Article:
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Blunt amendment fails in Senate in latest contraception coverage salvo

An amendment tacked onto an unrelated transportation bill that would allow any employer, not just those affiliated with a religious organization, to not offer contraceptive health coverage to employees failed yesterday in the U.S. Senate by a vote of 51-48.

The votes dashed the latest hopes of conservatives and religious organizations as they continue to press the Obama administration to back off its recent mandate that all employers, with the exception of religious institutions, must offer health plans that provide free preventive health services to women including contraceptive services.

The amendment, sponsored by Sen. Roy Blunt (R-MO) and co-sponsored by Sen. Marco Rubio (F-FL), didn't focus solely on exempting any kind of faith-based employer from providing contraceptive service, instead opting to allow any employer to decline to offer any health benefit if they had "moral or religious" objections.

That proved too broad for Maine Sen. Olympia Snowe, who was the only Republican to vote against the amendment, saying on MSNBC that the amendment was too broad to support.

Sen. Blunt contends that the amendment did not open the door to allowing employers to essentially pick and choose which procedure they would offer and which they wouldn't in addition to contraceptive benefits.

"This bill would just simply say that those healthcare providers don't have to follow that mandate if it violates their faith principles," according to a press release issued last month by Blunt. "This is about the First Amendment. It's about religious beliefs. It's not about any one issue."

Senate Democrats didn't buy that argument.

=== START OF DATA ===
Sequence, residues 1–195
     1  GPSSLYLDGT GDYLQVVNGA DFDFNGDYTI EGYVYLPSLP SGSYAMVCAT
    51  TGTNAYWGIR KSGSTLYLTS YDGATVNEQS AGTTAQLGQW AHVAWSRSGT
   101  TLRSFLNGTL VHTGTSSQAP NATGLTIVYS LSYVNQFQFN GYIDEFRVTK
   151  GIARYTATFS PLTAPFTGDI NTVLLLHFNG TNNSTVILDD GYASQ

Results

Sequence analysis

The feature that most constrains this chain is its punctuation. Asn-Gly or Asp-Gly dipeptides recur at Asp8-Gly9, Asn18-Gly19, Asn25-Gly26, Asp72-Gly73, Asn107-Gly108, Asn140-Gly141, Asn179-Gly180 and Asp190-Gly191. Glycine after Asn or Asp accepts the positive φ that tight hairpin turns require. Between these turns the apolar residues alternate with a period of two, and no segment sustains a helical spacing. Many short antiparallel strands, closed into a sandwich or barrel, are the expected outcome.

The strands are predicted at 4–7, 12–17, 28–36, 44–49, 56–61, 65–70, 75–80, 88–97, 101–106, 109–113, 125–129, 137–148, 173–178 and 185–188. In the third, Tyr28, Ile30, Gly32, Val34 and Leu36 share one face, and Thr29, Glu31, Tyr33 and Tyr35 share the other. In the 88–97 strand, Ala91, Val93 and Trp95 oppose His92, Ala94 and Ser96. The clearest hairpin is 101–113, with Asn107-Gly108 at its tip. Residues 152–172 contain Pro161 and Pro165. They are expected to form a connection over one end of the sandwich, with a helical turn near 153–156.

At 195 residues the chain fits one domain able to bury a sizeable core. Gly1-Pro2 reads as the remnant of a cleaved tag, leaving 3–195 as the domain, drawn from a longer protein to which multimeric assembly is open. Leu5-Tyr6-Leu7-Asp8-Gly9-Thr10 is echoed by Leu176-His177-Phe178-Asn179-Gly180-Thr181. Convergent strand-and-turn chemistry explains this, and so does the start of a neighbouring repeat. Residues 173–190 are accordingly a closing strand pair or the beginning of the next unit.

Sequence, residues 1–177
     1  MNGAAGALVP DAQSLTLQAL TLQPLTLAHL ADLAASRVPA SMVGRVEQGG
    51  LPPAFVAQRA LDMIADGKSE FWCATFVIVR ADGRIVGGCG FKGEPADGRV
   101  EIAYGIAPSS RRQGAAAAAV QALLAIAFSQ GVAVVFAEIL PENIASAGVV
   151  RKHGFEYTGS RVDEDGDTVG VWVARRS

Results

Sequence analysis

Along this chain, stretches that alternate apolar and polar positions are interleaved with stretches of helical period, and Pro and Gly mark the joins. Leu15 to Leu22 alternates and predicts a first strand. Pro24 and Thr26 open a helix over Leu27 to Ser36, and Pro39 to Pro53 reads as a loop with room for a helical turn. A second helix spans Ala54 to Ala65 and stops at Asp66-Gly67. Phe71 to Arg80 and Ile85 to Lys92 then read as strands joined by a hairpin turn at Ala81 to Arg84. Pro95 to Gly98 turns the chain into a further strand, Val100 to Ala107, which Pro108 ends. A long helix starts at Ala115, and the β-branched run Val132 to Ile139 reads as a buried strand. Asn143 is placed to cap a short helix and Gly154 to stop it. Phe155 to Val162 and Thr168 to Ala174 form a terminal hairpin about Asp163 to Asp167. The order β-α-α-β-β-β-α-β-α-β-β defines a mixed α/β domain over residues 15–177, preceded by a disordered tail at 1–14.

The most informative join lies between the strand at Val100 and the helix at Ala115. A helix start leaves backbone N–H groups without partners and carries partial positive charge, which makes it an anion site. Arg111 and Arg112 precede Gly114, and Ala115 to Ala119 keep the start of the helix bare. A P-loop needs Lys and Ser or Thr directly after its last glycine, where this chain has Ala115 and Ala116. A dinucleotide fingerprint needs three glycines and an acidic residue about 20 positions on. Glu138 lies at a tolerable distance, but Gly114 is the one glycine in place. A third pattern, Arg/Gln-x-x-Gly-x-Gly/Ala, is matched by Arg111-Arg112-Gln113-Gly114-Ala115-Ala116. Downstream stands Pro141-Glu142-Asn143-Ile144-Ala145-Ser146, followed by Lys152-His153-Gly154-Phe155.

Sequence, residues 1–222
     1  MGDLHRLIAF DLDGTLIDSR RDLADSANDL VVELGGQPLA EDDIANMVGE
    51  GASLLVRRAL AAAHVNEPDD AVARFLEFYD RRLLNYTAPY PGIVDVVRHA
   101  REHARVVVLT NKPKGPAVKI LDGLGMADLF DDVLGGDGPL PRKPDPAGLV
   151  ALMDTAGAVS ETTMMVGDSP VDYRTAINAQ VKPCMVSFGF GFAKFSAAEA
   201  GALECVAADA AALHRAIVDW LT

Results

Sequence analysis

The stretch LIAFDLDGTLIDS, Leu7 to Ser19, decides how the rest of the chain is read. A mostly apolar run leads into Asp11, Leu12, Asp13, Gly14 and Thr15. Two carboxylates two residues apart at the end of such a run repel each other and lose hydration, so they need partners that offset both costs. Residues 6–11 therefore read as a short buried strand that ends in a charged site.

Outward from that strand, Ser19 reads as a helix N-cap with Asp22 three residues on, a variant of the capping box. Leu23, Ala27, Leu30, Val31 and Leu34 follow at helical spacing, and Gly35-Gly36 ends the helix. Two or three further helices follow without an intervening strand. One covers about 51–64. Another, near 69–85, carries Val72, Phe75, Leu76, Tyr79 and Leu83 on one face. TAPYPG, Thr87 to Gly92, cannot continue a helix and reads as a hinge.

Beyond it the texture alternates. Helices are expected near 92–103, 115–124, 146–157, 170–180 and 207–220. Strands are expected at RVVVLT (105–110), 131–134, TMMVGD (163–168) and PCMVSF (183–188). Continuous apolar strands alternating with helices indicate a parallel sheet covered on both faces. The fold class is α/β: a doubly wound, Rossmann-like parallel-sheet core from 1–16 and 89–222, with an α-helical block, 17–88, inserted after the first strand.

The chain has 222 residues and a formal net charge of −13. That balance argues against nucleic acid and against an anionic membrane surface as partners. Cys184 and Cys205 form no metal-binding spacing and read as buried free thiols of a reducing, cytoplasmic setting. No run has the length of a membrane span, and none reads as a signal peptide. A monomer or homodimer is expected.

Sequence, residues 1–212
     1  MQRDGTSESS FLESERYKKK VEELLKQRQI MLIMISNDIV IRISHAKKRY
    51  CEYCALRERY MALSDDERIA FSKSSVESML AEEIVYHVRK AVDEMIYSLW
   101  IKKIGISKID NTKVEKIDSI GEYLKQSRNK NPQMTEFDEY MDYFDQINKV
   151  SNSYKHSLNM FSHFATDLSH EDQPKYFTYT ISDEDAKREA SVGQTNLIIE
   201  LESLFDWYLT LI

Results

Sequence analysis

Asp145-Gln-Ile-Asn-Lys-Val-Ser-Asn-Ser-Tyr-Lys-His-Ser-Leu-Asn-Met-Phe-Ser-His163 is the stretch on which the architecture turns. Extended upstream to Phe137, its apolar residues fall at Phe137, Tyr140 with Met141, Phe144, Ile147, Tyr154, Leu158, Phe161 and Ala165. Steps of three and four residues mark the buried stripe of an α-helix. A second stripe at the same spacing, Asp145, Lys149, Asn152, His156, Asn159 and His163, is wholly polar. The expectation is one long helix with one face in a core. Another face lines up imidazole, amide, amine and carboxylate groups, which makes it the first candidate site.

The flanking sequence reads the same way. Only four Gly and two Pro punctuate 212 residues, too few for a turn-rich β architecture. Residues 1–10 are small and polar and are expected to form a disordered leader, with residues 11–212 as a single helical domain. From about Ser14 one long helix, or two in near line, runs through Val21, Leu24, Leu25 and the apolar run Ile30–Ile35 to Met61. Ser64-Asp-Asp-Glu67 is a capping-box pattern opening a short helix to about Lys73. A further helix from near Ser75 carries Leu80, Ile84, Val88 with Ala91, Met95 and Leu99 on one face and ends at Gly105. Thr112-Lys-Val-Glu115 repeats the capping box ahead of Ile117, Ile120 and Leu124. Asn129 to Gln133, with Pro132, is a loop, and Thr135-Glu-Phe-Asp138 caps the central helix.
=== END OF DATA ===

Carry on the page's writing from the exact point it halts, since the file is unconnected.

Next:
"It is terrible policy," Sen. Patty Murray (D-WA) told CBS News. "It will allow any employer in America to cut off any preventive care for any religious or moral reason. It would simply give every boss in America the right to make the healthcare decisions for their workers and their families."

As a polarizing issue, the debate stems on two core beliefs: one that contends the mandate is a violation of religious freedom guaranteed under the Constitution and another that contends this is an issue of women's rights.

"Voters across America watched today as a majority of the United States Senate voted to gut the First Amendment of our Constitution by failing to protect the religious freedom of all Americans," said Brian Burch, president of, in a prepared statement after the vote. "The President and his Secretary of Health and Human Services have divided the country with an unprecedented assault on our first freedom - the right to believe - by forcing every American to pay for medicines and procedures that millions of Americans find morally objectionable."

The National Organization for Women (NOW) hailed the Senate vote.

"Voters know that individual women, unlike corporations, have consciences and religious convictions and that the Blunt Amendment is a direct attack on their right to birth control and other forms of reproductive healthcare," said Terry O'Neil, president of NOW.

But there is also recognition that the issue is far from settled. In a press release issued yesterday, O'Neill noted that there are two similar bills being readied in the Senate and that the organization is still urging its base to contact Senators to urge them to defeat these bills as well.

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